Unions, construction lobby wage war over D.C. Council bill
At the John A. Wilson Building, a little-noticed but highly contentious war between labor unions and construction business is playing out on Wednesday in a packed council hearing, with the upcoming city elections as a backdrop.
The battle has been prompted by a bill introduced in February by D.C. Council members Michael A. Brown (I-At Large) and Harry Thomas Jr. (D-Ward 5) that would essentially require union labor on all construction projects receiving more than $200,000 in city assistance and further require that contractors hire certain numbers of District residents.
Needless to say, these "project labor agreements" have the strong support of local labor leaders, and unions are pushing hard for the bill. But construction and business interests are deeply opposed to the legislation. The trade group Associated Builders and Contractors has devoted a Web site to opposing PLAs across the country, and the group also released a study in March claiming that a PLA mandate would "likely to have a destabilizing impact on an already depressed industry ... leading to reduced employment of local residents and considerable harm to small and disadvantaged businesses."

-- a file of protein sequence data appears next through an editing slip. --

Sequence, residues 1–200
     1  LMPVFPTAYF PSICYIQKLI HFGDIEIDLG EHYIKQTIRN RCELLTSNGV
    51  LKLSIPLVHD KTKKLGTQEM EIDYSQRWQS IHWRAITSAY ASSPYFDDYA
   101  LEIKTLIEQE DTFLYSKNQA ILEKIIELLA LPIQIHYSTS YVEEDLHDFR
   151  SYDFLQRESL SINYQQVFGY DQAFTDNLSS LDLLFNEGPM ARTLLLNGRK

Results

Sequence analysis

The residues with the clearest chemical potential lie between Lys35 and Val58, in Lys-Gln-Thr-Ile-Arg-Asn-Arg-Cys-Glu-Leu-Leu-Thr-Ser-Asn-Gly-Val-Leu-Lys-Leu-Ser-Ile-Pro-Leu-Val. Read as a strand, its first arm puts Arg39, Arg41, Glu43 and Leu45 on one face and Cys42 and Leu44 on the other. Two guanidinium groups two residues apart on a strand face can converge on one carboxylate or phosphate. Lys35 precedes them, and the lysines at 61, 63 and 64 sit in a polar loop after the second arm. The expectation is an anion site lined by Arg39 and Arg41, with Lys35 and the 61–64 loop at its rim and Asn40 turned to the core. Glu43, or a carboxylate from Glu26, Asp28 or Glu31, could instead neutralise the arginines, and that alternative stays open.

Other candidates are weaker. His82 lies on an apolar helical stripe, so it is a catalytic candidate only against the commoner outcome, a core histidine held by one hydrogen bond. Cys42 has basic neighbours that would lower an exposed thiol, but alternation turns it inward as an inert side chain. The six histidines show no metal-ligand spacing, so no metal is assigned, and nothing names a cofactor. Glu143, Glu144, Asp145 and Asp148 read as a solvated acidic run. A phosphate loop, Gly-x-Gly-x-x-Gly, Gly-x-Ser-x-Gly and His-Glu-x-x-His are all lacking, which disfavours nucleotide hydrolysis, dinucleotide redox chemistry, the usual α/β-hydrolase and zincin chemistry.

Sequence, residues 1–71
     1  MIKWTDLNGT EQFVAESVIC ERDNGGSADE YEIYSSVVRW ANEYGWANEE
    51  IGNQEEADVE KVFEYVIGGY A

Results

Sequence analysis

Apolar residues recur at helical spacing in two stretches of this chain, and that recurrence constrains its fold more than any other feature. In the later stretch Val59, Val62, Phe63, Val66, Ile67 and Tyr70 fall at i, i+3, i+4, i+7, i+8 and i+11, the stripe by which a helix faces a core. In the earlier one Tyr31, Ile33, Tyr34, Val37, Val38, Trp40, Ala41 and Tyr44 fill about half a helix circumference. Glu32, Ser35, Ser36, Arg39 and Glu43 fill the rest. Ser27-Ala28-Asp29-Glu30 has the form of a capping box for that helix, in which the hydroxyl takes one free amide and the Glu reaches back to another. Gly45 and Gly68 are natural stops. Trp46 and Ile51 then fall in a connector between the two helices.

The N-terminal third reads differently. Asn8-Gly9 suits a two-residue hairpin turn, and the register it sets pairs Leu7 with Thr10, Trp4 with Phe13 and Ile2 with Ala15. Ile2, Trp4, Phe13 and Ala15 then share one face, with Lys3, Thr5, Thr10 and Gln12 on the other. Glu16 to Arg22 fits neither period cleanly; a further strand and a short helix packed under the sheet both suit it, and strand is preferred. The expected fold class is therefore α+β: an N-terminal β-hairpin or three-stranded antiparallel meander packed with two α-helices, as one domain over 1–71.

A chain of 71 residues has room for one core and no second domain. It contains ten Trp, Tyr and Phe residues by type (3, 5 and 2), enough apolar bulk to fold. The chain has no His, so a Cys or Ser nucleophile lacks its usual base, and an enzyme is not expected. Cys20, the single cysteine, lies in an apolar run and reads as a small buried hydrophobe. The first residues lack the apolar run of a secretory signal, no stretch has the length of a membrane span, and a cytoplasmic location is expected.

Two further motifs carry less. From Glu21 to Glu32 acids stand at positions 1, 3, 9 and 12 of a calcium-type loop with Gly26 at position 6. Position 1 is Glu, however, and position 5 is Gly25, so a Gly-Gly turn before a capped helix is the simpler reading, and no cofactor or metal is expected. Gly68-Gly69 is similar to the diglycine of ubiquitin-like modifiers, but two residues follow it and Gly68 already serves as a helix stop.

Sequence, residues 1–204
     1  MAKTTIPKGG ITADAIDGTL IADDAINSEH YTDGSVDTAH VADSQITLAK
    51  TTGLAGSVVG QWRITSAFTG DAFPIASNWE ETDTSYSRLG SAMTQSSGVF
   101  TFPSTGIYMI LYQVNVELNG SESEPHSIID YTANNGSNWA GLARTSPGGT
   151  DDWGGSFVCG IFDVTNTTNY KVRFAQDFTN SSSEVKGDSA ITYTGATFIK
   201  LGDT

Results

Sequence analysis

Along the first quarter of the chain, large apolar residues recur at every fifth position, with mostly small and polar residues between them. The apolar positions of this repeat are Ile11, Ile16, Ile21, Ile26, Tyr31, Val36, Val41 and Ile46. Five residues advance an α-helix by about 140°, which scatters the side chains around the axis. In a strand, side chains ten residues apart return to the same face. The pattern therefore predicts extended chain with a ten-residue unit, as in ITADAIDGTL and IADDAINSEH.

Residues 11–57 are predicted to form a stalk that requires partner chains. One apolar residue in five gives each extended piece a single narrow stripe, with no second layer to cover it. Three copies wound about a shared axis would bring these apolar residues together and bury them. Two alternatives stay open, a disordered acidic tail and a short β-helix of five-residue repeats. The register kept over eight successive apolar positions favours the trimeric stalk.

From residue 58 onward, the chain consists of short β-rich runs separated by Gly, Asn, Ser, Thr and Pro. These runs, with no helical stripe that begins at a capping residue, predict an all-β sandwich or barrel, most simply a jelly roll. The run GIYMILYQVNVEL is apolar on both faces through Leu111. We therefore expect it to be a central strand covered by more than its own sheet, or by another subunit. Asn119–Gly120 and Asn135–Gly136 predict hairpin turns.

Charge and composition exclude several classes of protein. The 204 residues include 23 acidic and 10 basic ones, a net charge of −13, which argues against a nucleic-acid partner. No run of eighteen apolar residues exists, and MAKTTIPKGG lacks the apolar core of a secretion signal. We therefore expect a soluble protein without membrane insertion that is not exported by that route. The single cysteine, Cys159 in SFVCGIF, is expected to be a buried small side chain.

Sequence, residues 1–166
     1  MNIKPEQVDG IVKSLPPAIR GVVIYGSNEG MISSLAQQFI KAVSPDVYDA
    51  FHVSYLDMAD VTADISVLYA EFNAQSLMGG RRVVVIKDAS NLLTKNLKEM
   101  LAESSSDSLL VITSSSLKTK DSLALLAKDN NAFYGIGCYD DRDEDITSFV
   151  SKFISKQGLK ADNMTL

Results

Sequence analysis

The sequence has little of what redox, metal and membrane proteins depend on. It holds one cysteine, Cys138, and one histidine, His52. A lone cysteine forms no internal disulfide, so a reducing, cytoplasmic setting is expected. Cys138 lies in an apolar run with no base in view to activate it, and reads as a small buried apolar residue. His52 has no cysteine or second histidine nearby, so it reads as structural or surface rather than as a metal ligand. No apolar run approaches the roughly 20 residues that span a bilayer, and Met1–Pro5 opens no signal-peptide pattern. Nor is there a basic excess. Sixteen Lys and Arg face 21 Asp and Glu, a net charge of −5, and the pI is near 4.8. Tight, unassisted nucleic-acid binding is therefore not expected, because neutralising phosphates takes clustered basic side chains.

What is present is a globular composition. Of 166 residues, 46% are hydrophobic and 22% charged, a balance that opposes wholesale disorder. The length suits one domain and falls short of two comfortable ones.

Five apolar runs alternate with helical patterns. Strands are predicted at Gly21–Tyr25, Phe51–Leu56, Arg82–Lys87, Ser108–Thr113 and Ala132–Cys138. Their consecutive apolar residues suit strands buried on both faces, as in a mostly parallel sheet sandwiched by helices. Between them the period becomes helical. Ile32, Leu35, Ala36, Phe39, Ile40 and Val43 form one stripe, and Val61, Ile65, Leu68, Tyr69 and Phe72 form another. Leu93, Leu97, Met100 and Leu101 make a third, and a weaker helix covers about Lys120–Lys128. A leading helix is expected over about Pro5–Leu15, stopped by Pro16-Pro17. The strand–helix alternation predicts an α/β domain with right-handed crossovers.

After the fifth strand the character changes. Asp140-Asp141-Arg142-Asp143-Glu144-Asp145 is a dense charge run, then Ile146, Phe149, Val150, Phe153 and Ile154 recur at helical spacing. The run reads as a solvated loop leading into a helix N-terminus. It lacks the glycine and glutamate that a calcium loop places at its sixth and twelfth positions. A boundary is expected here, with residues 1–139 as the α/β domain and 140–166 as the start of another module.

Brown's bill, which attracted a crowd so large to Wednesday's hearing that some spectators had to be sent to an overflow room, is no doubt an election-year issue. In February, a key union organizer called the bill "the No. 1 priority for labor in 2010," adding, "We're judging everybody based on where they come down on this bill."
So far, it's not clear that the litmus-testing is going to get the unions what they want. The local AFL-CIO Metro Council asked council candidates about the bill on its candidate questionnaires. Among incumbents, Tommy Wells (D-Ward 6) pledged to supported to the measure, but some usually reliable union backers have hedged their bets.
"I can't say YES at this time because I want to hear the testimony at the hearing," Jim Graham (D-Ward 1) wrote on his questionnaire. Wrote Mary Cheh (D-Ward 3), who chairs one of the two committees that would have to move on the legislation: "I believe that this bill requires careful consideration and is best done away from the heat of campaigns."
And Council member Kwame Brown (D-At Large), usually a stalwart supporter of union interests, declined to say he'd support the bill at all. "I support the concept of the legislation but the issue needs further study," he wrote.
File photo by Lois Raimondo/The Washington Post
June 30, 2010; 1:36 PM ET
Categories: The District
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